This was my first Discovery Session and I didn’t know much about Huddle so was keen to find out more. Conor McColgan explained to the audience that Huddle is a cloud on the Internet to store, manage, and process data, rather than a local server or a personal computer. The cloud uses consumer tools like Dropbox and e-mail as well as enterprise tools such as Office. It sounds like it could have huge benefits for Government, not only financially but also in allowing us greater freedom to develop and share our services. It gives us the opportunity to compete on a better commercial footing and is a key driver in improving the government’s Digital Agenda.
One of the advantages would be enabling us to file share across government departments. I was particularly interested in this as I’ve just embarked on a new year-long project with colleagues from other departments and it’d be great to be able to share information in this way. I did wonder about the security implications but was assured that security is an important feature and all documents are encrypted to prevent hacking. There’s even a greater security version available on the GSI network for the Foreign Office to use. There’s also a cost involved as the service is chargeable.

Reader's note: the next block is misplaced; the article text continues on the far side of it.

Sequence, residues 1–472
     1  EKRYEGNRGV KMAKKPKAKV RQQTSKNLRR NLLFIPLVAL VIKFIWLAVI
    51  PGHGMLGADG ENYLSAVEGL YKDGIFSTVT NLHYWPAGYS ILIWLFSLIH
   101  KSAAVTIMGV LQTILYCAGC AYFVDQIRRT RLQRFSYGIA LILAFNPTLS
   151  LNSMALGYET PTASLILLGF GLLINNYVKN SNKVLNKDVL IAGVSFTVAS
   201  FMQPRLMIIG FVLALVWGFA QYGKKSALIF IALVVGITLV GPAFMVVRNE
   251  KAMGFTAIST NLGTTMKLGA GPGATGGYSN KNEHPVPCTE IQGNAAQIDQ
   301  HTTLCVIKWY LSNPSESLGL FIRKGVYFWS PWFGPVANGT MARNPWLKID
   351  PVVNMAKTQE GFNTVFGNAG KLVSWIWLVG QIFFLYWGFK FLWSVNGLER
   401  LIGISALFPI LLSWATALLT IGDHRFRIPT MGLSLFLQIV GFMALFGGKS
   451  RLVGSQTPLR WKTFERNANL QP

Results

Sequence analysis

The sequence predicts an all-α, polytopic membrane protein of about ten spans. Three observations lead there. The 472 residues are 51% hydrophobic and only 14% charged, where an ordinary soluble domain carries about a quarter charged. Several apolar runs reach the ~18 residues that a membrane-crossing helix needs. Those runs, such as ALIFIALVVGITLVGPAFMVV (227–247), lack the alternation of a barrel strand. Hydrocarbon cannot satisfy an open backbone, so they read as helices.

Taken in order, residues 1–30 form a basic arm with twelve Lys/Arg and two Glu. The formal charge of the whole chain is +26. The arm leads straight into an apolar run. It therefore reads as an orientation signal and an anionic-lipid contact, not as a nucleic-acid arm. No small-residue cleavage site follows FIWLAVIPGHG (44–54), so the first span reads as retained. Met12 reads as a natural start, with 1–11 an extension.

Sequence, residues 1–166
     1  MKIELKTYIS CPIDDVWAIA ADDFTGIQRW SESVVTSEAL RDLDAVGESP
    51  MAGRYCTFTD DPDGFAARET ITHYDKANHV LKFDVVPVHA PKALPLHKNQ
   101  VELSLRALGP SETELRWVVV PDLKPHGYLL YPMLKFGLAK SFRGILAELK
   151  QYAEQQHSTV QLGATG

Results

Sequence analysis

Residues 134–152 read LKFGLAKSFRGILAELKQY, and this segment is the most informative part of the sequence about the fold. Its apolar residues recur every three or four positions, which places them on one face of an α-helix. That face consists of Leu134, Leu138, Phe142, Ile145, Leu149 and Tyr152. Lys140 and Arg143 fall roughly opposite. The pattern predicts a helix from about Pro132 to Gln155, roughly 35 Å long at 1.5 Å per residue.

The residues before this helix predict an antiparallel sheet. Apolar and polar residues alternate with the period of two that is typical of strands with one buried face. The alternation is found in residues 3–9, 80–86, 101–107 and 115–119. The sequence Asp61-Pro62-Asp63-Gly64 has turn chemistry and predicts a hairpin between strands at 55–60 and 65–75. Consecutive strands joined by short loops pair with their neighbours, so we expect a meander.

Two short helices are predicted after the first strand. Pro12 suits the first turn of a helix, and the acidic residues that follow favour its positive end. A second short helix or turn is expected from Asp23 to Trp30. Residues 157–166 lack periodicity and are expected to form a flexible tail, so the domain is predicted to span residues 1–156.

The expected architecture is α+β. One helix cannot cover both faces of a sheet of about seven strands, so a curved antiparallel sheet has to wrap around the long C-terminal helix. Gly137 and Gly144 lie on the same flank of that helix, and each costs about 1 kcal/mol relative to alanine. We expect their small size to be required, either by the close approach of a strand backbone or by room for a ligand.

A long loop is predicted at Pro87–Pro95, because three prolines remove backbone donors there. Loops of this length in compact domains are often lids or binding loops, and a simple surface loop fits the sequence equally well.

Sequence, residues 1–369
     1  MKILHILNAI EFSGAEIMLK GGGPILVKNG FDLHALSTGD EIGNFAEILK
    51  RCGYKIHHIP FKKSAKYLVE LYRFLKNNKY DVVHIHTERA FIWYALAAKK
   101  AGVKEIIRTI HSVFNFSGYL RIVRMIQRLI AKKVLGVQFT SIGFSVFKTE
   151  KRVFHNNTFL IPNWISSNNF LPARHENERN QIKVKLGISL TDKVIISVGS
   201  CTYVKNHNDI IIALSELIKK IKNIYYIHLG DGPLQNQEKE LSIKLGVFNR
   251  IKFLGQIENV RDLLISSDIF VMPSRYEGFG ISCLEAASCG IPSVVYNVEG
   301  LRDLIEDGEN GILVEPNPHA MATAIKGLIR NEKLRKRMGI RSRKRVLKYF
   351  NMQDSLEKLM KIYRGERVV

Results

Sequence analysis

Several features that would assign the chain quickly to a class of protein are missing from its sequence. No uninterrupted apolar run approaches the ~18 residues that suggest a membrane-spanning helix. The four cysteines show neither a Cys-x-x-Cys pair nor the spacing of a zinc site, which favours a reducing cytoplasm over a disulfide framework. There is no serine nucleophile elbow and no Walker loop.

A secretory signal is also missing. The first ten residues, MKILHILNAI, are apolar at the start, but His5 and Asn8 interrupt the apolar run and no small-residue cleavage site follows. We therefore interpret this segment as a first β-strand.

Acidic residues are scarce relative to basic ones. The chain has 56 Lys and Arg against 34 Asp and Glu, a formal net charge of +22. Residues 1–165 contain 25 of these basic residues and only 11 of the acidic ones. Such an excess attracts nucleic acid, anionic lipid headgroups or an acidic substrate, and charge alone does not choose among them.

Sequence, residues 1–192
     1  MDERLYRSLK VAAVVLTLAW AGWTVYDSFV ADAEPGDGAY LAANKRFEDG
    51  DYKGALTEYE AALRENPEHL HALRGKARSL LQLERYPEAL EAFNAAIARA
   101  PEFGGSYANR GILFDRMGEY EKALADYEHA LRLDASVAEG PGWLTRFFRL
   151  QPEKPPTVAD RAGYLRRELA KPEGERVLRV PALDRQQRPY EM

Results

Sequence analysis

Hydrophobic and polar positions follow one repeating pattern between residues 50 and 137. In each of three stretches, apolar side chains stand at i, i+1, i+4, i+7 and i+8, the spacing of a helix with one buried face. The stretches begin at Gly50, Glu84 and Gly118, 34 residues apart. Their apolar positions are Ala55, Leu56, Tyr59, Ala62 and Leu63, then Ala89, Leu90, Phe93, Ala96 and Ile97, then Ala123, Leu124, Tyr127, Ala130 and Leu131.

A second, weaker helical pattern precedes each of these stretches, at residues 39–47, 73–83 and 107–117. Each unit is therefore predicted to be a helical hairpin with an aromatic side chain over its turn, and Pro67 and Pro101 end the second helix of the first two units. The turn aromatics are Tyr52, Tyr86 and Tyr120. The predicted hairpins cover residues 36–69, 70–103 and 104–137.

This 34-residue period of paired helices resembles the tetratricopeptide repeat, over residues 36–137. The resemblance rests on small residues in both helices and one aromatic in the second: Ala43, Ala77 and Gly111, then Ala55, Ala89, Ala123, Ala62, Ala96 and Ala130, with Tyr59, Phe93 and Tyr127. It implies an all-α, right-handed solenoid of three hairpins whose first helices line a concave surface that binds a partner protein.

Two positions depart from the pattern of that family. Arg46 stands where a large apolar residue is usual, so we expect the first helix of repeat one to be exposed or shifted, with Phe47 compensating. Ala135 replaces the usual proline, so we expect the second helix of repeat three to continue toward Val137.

I was very interested to hear about some of Huddle’s success stories in government, which include the Department for Education who used Huddle on their schools building project across the UK, worth £3.1 billion, to manage supplies and create an auditable and secure environment. Civil Aviation used Huddle to work on the strategy around further airspace, they liaised with the Ministry of Defence, airports and airlines to create a single point of access when required.
To sum up, Huddle is a dynamic tool and I’m told it’s available as a “beautiful mobile app to share and go”. Huddle is a simple and secure collaboration to enable true digital transformation.
I enjoyed learning about this topic and it’s left me hopeful about the future of IT Reform.